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Species Epeolus bifasciatus

Bee? - Epeolus bifasciatus Epeolus bifasciatus? - Epeolus bifasciatus Epeolus? - Epeolus bifasciatus Cuckoo bee - Epeolus bifasciatus Small, Stout Wasp - Epeolus bifasciatus cuckoo bee Epeolus bifasciatus? - Epeolus bifasciatus Bee - Epeolus bifasciatus Wasp maybe cuckoo? - Epeolus bifasciatus
Classification
Kingdom Animalia (Animals)
Phylum Arthropoda (Arthropods)
Subphylum Hexapoda (Hexapods)
Class Insecta (Insects)
Order Hymenoptera (Ants, Bees, Wasps and Sawflies)
No Taxon (Aculeata - Ants, Bees and Stinging Wasps)
No Taxon (Anthophila (Apoidea) - Bees)
Family Apidae (Cuckoo, Carpenter, Digger, Bumble, and Honey Bees)
Subfamily Nomadinae (Cuckoo Bees)
Tribe Epeolini
Genus Epeolus
Species bifasciatus (Epeolus bifasciatus)
Other Common Names
Cuckoo Bee
Synonyms and other taxonomic changes
None.
Size
7 to 9 mm long.
Identification
Male and female similar. Abdomen has only 2 yellowish stripes. Thorax segment 2 (scutellum) entirely red.

Head: White hairs faintly circle antenna bases in female. Cheeks very narrow.
Antenna: Scape and segment 1 reddish, rest of segments black, antenna short.
Thorax: Black. Collar scaly light yellow, not interrupted at center. Segment 1 (scutum) dark, rough and pitted, no white median lines. Segment 2 (scutellum) red, with a spine (axilla) at each side edge. Thorax sides bare, tubercle reddish.
Wings: Wing knobs (tegulae) red. Wings dark.
Legs: Reddish. Underside of hind thigh (femur) dark. Legs may be black in northern populations. Spurs black.
Abdomen: Black, short.
Segment 1 has a scaly, very wide light yellow stipe at mid segment; slightly indented or interrupted at center, and most times with a yellow line just below the stripe.
Segment 2 has a narrower yellow stripe on lower edge.
Abdomen tip is squarish on female, rounded on male.
Range
Northern Mexico, Colorado, Oklahoma and Minnesota, Iowa to the New England states and Florida. Canada: Ontario
Habitat
Forest edges and meadows.
Season
February to April in Florida, June to September in the North.
Food
Adults eat nectar. Larva are possible cleptoparasites of Plasterer Bee Colletes latitarsis.
The Hosts section on its Discover Life species page lists known associations based on specimen records and images.
Life Cycle
Females lay eggs in ground-nesting cells of Plasterer bees (possibly Colletes latitarsis). Larva hatch and kill the Plasterer bee egg and feed on the provisions of pollen and nectar stored in the cell.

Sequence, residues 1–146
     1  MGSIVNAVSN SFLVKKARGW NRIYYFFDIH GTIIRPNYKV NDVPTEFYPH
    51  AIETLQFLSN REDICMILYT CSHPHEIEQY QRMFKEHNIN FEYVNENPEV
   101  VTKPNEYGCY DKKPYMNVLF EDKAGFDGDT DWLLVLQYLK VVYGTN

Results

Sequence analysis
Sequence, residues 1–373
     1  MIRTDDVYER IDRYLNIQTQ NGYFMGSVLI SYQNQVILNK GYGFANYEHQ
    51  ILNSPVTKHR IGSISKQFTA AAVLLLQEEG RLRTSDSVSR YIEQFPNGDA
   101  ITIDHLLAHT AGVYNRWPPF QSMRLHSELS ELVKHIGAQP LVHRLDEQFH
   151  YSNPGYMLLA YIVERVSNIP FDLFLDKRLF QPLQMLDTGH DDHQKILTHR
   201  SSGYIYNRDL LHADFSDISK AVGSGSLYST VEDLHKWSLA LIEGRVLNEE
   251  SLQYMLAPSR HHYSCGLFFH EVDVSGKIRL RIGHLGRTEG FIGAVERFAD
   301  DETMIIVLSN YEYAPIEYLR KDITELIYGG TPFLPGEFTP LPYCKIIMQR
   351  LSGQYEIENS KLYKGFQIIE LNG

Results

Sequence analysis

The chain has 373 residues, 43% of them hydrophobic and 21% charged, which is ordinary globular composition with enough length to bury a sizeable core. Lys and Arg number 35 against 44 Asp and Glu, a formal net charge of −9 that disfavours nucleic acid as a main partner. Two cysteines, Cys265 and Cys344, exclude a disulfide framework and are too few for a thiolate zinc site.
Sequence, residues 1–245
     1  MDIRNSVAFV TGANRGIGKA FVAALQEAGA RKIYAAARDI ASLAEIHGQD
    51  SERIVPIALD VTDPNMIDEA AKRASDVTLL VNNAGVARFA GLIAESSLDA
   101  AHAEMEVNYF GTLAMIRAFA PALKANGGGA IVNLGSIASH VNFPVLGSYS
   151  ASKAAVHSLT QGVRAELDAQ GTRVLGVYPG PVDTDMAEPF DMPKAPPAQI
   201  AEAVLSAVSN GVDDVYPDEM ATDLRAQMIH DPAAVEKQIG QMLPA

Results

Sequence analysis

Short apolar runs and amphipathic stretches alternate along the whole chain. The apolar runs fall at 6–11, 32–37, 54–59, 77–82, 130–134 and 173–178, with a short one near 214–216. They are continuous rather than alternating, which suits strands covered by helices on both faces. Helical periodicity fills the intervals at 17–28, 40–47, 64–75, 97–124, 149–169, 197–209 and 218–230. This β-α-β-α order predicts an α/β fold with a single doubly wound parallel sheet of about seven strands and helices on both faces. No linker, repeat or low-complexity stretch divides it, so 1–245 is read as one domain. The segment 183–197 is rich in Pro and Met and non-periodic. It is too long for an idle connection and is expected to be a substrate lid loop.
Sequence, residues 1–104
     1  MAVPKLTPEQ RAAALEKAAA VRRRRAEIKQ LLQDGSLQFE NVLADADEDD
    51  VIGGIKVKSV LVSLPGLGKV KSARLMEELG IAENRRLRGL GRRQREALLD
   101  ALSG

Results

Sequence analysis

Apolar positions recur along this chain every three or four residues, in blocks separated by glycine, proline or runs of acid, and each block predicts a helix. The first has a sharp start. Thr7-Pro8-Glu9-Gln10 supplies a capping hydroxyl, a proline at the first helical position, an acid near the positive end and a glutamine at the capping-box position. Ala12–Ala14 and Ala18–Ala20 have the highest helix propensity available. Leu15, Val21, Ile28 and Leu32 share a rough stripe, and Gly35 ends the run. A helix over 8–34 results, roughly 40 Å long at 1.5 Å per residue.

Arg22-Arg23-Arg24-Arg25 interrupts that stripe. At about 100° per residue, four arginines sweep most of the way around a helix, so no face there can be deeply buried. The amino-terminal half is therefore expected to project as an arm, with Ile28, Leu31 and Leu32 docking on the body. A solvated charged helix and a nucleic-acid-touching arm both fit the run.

Remarks
They are uncommon nest parasites of plasterer bees, one host species is likely to be Colletes latitarsus, another uncommon species. It's a nice find since it's a first record for MA.

Types:
Holotype as Epeolus bifasciatus male #2658 by Cresson 1864. Locality: Illinois. In collection of the Entomological Society, Philadelphia (Now the Academy of Natural Sciences, Drexel University). No photos.
Lectotype male by Cresson at National Museum of Natural History, Smithsonian. No photos.
Paralectotype female from Cape May, New Jersey July 19, 1935 at Academy of Natural Sciences, Drexel University, Philadelphia, Penn. Determined by R. L. Brumley in 1965. No photos.
Internet References
Proceedings of the Entomological Society of Philadelphia, 1864, Vol. 3, pg. 38 by Cresson.
Transactions of the American Entomological Society, 1878, Vol. 7, pg. 218 by Cresson.
Transactions of the Academy of Science of St. Louis, 1894-97, Vol. 7, pg. 343 by Robertson.
Transactions of the Academy of Science of St. Louis, 1898, Vol. 8, pg. 52 by Robertson.
The Canadian Entomologist, 1903, Vol. 35, pp. 287-288. Keys male and female by Robertson.
Entomological News, 1903, Vol. 14, by C. Brues. Keys pp. 79 to 80.
Transactions of the American Entomological Society, Memoirs, 1916, Vol. 1, pg. 113 by Cresson. Type specimen.
North Carolina Agricultural Experiment Station Technical Bulletin, 1962, No. 152. Bees of the Eastern United States by Mitchell.
Journal Entomological Society Ontario, 2004, Vol. 135 Keys by Romankova.
The Canadian Entomologist, 2006, Vol. 138: Old field study by Grixti & Packer, Table pg. 156.